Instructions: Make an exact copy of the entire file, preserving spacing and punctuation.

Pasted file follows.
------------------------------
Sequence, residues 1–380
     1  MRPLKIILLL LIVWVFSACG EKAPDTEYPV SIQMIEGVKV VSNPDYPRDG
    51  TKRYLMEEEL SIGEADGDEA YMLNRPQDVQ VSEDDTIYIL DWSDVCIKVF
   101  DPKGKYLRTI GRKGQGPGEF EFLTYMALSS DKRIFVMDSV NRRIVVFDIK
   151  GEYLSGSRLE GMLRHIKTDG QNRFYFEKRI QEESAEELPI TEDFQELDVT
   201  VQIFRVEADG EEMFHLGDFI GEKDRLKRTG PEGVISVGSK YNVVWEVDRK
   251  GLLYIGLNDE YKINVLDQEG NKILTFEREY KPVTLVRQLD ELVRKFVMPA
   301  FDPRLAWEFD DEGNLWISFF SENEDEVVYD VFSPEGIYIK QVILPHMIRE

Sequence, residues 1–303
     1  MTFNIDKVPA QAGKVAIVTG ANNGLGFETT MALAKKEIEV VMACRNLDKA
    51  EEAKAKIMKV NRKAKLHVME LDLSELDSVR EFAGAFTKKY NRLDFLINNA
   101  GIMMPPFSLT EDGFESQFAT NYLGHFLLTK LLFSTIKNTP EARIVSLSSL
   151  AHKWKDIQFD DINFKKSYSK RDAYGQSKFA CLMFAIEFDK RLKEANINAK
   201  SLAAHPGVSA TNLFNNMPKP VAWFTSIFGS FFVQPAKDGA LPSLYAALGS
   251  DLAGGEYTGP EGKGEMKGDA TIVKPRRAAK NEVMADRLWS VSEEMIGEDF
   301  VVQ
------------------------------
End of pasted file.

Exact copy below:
Sequence, residues 1–380
     1  MRPLKIILLL LIVWVFSACG EKAPDTEYPV SIQMIEGVKV VSNPDYPRDG
    51  TKRYLMEEEL SIGEADGDEA YMLNRPQDVQ VSEDDTIYIL DWSDVCIKVF
   101  DPKGKYLRTI GRKGQGPGEF EFLTYMALSS DKRIFVMDSV NRRIVVFDIK
   151  GEYLSGSRLE GMLRHIKTDG QNRFYFEKRI QEESAEELPI TEDFQELDVT
   201  VQIFRVEADG EEMFHLGDFI GEKDRLKRTG PEGVISVGSK YNVVWEVDRK
   251  GLLYIGLNDE YKINVLDQEG NKILTFEREY KPVTLVRQLD ELVRKFVMPA
   301  FDPRLAWEFD DEGNLWISFF SENEDEVVYD VFSPEGIYIK QVILPHMIRE

Sequence, residues 1–303
     1  MTFNIDKVPA QAGKVAIVTG ANNGLGFETT MALAKKEIEV VMACRNLDKA
    51  EEAKAKIMKV NRKAKLHVME LDLSELDSVR EFAGAFTKKY NRLDFLINNA
   101  GIMMPPFSLT EDGFESQFAT NYLGHFLLTK LLFSTIKNTP EARIVSLSSL
   151  AHKWKDIQFD DINFKKSYSK RDAYGQSKFA CLMFAIEFDK RLKEANINAK
   201  SLAAHPGVSA TNLFNNMPKP VAWFTSIFGS FFVQPAKDGA LPSLYAALGS
   251  DLAGGEYTGP EGKGEMKGDA TIVKPRRAAK NEVMADRLWS VSEEMIGEDF
   301  VVQ